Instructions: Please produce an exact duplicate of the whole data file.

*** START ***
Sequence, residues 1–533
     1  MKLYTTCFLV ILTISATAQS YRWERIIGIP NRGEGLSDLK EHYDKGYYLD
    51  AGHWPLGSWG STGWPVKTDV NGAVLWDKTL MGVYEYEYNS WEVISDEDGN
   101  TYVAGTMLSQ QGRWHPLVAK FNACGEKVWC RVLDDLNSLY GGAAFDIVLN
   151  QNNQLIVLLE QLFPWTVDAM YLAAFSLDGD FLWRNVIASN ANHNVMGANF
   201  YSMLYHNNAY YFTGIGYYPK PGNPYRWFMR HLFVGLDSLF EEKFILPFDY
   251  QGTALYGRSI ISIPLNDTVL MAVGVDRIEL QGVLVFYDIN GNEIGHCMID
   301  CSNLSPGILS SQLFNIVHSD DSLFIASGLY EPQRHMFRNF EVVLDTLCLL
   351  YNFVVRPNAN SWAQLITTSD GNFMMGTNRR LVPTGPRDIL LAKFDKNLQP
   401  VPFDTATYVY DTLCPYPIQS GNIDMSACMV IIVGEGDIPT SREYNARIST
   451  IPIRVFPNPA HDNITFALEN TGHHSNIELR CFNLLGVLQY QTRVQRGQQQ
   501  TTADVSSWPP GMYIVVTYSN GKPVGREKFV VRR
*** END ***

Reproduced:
Sequence, residues 1–533
     1  MKLYTTCFLV ILTISATAQS YRWERIIGIP NRGEGLSDLK EHYDKGYYLD
    51  AGHWPLGSWG STGWPVKTDV NGAVLWDKTL MGVYEYEYNS WEVISDEDGN
   101  TYVAGTMLSQ QGRWHPLVAK FNACGEKVWC RVLDDLNSLY GGAAFDIVLN
   151  QNNQLIVLLE QLFPWTVDAM YLAAFSLDGD FLWRNVIASN ANHNVMGANF
   201  YSMLYHNNAY YFTGIGYYPK PGNPYRWFMR HLFVGLDSLF EEKFILPFDY
   251  QGTALYGRSI ISIPLNDTVL MAVGVDRIEL QGVLVFYDIN GNEIGHCMID
   301  CSNLSPGILS SQLFNIVHSD DSLFIASGLY EPQRHMFRNF EVVLDTLCLL
   351  YNFVVRPNAN SWAQLITTSD GNFMMGTNRR LVPTGPRDIL LAKFDKNLQP
   401  VPFDTATYVY DTLCPYPIQS GNIDMSACMV IIVGEGDIPT SREYNARIST
   451  IPIRVFPNPA HDNITFALEN TGHHSNIELR CFNLLGVLQY QTRVQRGQQQ
   501  TTADVSSWPP GMYIVVTYSN GKPVGREKFV VRR